The State will email the certificate to the email address the company provided on its annual report. Alternatively, business owners may obtain them by mail by submitting a separate written request with the required fee.

Are There Penalties for Not Filing On-Time?

Yes, there are ramifications for not filing an annual report in Florida by the deadline.

Late Fees

The State charges a $400 late fee on all for-profit corporations, limited liability companies, limited partnerships, and limited liability limited partnerships. Normally, this applies to any annual report filing submitted after the May 1st deadline. However, remember that this year has a due date extension to June 30, 2020. So, only filings after June 30th will be subject to the late fee. The State does not impose a late fee on non-profit corporations.

Administrative Dissolution

Businesses that do not file an annual report by the third Friday of September may find that the State has administratively dissolved (closed) or revoked the entity’s active status in its records at the close of business on the fourth Friday of September.

According to the Florida Division of Corporations’ website:

“For the 2020 calendar year, the last day to pay by check is September 18th.  You may pay by credit card through 5:00pm EST, September 25, 2020.”

Businesses that have been administratively dissolved or revoked must submit a reinstatement application along with payment of all fees (the reinstatement fee, the annual report fee, and possibly other delinquent state fees). CorpNet can help with the reinstatement process, as well, so that your business can operate legally again.

Note that only when a Florida corporation, LLC, LLP or LLLP closes its business with the State does the annual report filing requirement no longer apply. If you no longer wish to conduct business in Florida, CorpNet can help you file your Articles of Dissolution to make it official. 

What if You Filed and Need to Make Changes?

Business entities can update an already filed annual report by submitting an amended annual report. The current State fees to do so are:

  • Profit or Non-Profit Corporation – $61.25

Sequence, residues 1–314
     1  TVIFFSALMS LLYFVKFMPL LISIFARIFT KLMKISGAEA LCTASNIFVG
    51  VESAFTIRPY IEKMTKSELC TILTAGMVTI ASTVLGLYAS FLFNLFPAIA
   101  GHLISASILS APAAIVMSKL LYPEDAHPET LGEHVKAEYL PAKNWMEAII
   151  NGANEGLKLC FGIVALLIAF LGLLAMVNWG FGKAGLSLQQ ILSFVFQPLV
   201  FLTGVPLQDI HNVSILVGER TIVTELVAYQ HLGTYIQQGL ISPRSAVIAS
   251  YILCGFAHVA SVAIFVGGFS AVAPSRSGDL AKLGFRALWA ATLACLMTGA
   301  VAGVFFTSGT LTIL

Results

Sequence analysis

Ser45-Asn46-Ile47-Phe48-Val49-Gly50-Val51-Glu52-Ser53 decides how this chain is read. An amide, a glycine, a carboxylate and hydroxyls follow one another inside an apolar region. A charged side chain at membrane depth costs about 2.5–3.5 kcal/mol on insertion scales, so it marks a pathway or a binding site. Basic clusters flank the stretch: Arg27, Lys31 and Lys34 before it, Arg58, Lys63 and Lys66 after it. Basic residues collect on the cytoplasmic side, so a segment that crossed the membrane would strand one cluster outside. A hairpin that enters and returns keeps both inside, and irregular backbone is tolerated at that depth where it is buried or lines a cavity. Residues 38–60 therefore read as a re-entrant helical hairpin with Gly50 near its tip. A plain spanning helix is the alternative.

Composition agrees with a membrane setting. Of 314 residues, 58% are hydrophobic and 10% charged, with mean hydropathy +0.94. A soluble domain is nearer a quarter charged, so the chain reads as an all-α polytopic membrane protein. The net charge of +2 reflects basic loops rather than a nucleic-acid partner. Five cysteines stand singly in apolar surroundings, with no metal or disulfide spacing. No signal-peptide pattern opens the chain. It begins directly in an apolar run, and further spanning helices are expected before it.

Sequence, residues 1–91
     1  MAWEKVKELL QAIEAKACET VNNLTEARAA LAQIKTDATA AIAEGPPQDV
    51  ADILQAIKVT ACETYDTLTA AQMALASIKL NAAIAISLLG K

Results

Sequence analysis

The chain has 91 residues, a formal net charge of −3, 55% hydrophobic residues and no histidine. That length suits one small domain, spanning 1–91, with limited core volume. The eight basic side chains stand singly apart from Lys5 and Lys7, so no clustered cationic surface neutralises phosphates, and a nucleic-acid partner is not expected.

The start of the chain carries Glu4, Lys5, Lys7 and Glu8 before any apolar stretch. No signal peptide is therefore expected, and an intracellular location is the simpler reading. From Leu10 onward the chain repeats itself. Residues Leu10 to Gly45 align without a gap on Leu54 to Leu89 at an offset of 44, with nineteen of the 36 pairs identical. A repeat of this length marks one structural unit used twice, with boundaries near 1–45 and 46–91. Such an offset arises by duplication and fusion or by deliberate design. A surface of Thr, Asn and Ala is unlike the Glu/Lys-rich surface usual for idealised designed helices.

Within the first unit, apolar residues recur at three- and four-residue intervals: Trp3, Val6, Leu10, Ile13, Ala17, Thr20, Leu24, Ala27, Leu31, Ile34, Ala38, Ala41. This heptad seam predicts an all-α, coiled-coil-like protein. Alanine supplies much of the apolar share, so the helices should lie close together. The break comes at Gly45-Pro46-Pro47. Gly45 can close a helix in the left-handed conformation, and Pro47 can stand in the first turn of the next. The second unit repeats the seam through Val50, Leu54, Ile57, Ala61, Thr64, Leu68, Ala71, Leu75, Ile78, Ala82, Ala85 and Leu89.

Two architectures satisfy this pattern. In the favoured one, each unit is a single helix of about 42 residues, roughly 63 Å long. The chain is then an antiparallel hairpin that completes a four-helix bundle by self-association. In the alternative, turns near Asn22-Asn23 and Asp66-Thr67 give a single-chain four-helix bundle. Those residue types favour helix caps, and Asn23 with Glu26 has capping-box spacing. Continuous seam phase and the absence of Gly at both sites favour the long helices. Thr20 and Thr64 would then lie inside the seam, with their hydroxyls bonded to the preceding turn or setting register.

• Limited Liability Company – $50.00
  • Limited Partnerships and Limited Liability Partnerships – $52.50

CorpNet can assist you with making changes to an already-submitted annual report, so contact us to ensure your company’s information is correct in the state records.

Ready to File? CorpNet is Here to Help!

While Florida has extended the deadline for filing annual reports during the COVID-19 breakout, there are good reasons to take care of that responsibility now. I expect that you, like many business owners, have many business decisions to make and tasks to tackle as you adjust your operations to the situation. The longer you wait to file your Florida annual report, the greater the chance that you might unintentionally miss the new due date. By filing your Florida annual report sooner rather than later, you will take an important step toward maintaining your status of good standing with the State. Keeping your active status will be more mission-critical than ever. As we put coronavirus behind us and get back to business as usual, you’ll want to have all of your compliance requirements in order.

Get in touch with CorpNet today through our website or call us at 1-888-449-2638 to talk with one of our filing experts. We are here to help you with your annual report and other business compliance filings.

We can also assist you in applying for the SBA loans that the federal government is offering in response to coronavirus.